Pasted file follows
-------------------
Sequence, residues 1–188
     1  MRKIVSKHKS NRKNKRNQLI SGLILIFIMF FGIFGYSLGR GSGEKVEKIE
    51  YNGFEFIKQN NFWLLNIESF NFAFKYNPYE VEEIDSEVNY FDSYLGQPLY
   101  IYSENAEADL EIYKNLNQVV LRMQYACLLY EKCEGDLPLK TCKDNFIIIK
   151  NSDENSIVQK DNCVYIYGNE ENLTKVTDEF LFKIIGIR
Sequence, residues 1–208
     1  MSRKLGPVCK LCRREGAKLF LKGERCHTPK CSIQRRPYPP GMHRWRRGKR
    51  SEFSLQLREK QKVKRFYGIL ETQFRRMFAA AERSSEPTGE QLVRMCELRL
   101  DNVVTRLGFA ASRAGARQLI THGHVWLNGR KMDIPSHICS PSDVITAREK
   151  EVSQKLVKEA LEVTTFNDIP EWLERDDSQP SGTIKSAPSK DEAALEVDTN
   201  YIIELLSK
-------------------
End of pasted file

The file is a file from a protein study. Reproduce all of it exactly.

Sequence, residues 1–188
     1  MRKIVSKHKS NRKNKRNQLI SGLILIFIMF FGIFGYSLGR GSGEKVEKIE
    51  YNGFEFIKQN NFWLLNIESF NFAFKYNPYE VEEIDSEVNY FDSYLGQPLY
   101  IYSENAEADL EIYKNLNQVV LRMQYACLLY EKCEGDLPLK TCKDNFIIIK
   151  NSDENSIVQK DNCVYIYGNE ENLTKVTDEF LFKIIGIR
Sequence, residues 1–208
     1  MSRKLGPVCK LCRREGAKLF LKGERCHTPK CSIQRRPYPP GMHRWRRGKR
    51  SEFSLQLREK QKVKRFYGIL ETQFRRMFAA AERSSEPTGE QLVRMCELRL
   101  DNVVTRLGFA ASRAGARQLI THGHVWLNGR KMDIPSHICS PSDVITAREK
   151  EVSQKLVKEA LEVTTFNDIP EWLERDDSQP SGTIKSAPSK DEAALEVDTN
   201  YIIELLSK